The corridor for centuries was a path for the Nez Perce Indian tribe to access essential and reliable food sources. In late Spring they would camp at “the place near the mountains” as they called the Moscow area. Then in October when “the needles fall from the tamarack” they would use the path to access the high mountains to find deer, elk, and bear. The trail now parallels route 8 and you bike along wheat fields and grazing pasture land as seen below. The temperature was 97 on the afternoon I biked the route, and be aware that shade is a missing commodity on this trail.
Mileage markers are found every mile, and I saw more old railroad signage than usual on this old railroad trail. Washroom facilities are available at intervals along the trail.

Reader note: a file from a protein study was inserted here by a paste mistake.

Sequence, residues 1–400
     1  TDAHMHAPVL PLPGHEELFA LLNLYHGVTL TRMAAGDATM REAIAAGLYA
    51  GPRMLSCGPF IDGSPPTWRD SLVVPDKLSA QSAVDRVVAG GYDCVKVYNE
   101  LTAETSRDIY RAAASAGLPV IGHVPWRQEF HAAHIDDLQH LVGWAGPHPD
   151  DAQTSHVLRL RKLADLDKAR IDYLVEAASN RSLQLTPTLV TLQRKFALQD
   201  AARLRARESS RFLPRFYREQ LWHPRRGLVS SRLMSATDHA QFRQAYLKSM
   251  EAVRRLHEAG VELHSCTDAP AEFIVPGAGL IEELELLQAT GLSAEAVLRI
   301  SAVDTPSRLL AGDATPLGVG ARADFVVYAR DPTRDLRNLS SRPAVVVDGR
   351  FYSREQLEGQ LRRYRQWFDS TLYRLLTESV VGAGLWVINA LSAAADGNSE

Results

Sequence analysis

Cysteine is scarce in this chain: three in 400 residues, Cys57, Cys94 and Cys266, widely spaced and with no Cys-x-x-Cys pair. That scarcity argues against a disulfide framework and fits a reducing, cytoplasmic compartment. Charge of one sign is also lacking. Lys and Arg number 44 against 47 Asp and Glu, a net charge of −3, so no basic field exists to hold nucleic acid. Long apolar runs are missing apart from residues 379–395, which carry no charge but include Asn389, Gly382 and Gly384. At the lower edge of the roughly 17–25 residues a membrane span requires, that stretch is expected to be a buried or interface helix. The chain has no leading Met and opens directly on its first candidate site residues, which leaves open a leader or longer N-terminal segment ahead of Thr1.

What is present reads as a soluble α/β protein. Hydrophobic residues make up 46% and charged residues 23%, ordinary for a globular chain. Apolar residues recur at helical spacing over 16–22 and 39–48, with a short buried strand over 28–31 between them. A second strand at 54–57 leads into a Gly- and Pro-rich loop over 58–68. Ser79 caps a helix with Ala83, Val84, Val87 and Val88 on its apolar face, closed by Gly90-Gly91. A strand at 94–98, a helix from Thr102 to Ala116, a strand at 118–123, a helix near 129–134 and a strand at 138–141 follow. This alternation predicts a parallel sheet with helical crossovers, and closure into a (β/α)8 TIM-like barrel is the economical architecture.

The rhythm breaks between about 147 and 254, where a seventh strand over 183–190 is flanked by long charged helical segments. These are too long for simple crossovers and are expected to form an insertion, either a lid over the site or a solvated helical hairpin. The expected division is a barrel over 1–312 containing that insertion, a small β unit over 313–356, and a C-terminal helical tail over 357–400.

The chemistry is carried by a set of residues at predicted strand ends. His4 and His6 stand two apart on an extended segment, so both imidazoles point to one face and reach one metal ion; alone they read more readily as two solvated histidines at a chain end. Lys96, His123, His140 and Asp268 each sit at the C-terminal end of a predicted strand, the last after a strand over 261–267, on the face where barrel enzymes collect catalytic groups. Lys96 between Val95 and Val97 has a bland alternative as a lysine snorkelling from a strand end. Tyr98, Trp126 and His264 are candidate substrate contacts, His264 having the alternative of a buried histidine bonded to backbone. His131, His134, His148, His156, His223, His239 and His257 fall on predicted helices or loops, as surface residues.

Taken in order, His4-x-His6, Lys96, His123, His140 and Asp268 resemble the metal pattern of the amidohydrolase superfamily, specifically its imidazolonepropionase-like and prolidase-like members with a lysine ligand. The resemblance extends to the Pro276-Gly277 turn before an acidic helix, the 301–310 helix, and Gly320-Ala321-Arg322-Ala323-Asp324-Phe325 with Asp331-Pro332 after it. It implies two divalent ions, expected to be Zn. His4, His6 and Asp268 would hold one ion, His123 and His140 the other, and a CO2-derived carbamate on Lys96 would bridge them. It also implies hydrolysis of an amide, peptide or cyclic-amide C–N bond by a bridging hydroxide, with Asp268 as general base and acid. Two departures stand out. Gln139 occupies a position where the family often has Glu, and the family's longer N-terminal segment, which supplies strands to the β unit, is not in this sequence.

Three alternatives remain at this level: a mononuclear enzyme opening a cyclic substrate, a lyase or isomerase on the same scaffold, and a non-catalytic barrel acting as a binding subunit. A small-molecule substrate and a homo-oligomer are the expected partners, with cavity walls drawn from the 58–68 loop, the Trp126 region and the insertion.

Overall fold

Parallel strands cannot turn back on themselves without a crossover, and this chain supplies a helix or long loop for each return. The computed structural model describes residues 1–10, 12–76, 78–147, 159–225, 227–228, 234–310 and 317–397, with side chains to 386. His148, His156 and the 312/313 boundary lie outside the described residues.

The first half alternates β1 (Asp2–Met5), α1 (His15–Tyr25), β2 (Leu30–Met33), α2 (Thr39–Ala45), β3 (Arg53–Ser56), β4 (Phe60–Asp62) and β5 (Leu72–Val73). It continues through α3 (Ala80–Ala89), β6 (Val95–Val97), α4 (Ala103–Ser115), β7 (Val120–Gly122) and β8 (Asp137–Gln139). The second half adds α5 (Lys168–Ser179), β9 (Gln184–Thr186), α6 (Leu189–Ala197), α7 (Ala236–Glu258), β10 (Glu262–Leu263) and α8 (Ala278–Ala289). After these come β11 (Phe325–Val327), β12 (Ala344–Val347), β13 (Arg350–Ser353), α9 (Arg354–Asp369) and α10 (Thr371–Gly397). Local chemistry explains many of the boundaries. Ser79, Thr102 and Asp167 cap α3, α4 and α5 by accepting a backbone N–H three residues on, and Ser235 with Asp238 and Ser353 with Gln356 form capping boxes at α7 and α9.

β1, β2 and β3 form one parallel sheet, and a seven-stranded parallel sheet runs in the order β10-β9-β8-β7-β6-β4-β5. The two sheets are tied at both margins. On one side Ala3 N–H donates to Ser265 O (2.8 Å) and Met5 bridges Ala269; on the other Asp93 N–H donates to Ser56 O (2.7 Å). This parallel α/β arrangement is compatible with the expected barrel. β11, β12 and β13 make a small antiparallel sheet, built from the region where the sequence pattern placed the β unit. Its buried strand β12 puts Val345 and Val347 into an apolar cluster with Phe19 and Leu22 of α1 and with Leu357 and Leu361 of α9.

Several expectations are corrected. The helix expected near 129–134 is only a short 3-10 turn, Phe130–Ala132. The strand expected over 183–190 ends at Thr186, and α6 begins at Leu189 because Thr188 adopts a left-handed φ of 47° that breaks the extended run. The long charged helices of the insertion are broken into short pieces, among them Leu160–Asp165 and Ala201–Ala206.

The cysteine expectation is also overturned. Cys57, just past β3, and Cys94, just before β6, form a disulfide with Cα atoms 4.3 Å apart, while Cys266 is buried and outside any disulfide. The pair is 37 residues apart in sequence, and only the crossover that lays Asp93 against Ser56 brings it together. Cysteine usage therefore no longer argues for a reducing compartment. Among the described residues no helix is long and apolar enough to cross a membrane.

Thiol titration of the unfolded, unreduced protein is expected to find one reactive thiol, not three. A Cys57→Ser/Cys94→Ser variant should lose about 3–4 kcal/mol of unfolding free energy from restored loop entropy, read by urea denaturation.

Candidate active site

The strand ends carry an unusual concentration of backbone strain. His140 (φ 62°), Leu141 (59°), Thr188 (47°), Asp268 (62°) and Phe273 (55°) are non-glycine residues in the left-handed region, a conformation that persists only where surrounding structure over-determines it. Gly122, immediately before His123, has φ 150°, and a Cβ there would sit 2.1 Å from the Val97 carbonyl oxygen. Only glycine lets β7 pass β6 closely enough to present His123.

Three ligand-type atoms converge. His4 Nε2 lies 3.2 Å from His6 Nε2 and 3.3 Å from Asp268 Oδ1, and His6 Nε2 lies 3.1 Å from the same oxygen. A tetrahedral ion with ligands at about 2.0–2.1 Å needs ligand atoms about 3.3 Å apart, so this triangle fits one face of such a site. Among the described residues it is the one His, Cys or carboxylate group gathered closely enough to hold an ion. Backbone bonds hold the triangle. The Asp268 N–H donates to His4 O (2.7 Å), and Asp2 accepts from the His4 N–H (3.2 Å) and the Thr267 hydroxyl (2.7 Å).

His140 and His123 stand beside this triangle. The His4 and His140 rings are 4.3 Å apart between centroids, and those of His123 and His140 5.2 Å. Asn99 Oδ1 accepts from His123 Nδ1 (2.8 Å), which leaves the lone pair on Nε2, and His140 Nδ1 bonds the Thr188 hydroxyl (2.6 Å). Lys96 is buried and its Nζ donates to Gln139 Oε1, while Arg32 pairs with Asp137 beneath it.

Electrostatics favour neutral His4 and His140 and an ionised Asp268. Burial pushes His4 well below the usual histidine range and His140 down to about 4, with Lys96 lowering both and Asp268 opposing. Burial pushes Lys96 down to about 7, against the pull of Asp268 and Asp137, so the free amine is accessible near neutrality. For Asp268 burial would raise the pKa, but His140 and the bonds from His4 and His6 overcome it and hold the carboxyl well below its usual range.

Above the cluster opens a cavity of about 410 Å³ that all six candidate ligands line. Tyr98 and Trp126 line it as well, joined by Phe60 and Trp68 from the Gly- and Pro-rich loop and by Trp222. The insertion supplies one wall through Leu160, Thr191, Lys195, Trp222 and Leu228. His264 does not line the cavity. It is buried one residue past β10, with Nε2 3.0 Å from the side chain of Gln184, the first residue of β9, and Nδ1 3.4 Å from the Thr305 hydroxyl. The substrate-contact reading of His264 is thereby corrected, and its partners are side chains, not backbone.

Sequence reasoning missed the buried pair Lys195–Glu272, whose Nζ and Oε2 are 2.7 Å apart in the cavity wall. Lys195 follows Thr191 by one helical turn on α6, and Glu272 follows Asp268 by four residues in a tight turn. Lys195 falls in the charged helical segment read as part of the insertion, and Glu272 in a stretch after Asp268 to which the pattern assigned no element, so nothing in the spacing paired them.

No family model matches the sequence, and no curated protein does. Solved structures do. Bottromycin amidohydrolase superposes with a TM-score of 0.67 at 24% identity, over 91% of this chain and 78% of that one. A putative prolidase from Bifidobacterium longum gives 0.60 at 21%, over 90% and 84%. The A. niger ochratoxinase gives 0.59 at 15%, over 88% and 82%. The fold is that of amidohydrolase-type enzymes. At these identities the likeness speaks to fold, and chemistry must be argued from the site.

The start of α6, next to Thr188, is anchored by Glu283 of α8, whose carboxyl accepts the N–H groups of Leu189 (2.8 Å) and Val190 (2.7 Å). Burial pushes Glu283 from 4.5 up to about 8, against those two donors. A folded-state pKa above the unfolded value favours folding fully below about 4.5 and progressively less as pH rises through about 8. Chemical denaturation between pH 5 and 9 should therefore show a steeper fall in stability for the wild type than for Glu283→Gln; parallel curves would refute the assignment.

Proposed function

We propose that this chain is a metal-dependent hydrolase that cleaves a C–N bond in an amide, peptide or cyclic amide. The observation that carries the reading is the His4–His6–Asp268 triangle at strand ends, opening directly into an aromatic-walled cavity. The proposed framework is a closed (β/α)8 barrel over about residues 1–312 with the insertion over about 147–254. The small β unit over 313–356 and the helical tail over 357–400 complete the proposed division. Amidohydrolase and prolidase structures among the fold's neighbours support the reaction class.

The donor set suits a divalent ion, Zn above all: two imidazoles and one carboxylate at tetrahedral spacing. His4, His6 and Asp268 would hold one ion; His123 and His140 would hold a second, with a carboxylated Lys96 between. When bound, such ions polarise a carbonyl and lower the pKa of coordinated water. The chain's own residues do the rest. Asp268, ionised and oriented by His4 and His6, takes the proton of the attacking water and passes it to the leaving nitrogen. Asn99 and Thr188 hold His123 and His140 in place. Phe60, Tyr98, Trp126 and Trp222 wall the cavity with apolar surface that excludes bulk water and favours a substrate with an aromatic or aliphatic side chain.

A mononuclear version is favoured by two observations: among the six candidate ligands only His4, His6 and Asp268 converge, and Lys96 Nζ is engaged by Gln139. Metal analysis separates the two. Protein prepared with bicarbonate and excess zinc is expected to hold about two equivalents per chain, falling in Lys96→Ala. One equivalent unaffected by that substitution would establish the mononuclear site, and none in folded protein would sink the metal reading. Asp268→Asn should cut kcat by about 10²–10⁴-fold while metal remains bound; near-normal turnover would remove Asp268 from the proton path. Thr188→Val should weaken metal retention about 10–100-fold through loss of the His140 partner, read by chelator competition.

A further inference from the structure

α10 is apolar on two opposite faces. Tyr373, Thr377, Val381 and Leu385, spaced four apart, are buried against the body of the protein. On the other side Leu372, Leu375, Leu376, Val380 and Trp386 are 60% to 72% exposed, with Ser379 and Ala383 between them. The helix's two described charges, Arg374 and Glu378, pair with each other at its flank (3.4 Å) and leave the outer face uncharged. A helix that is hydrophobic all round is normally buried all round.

I found no trailhead or parking, but east on Hwy 8 from town, the Eastgate shopping center between the Ford dealer and Dollar Tree allows easy access to the trail on the other side of Hwy 8.
Click to enlarge this map that was on one of the informational signs along the trail...
The trail is not as level as most rail-trails, but rather has numerous ups and downs, with predominantly ups as you head east to Troy. About the 7 mile mark out of Moscow, the trail passes beneath route 8 through an underpass. Some sections have lovely trees but again, not no consistent shade. Make sure you have plenty of water on hot days.
Farms, houses, trailers, and grain storage silos are passed, and route 8 is always nearby, though not as close as in Moscow.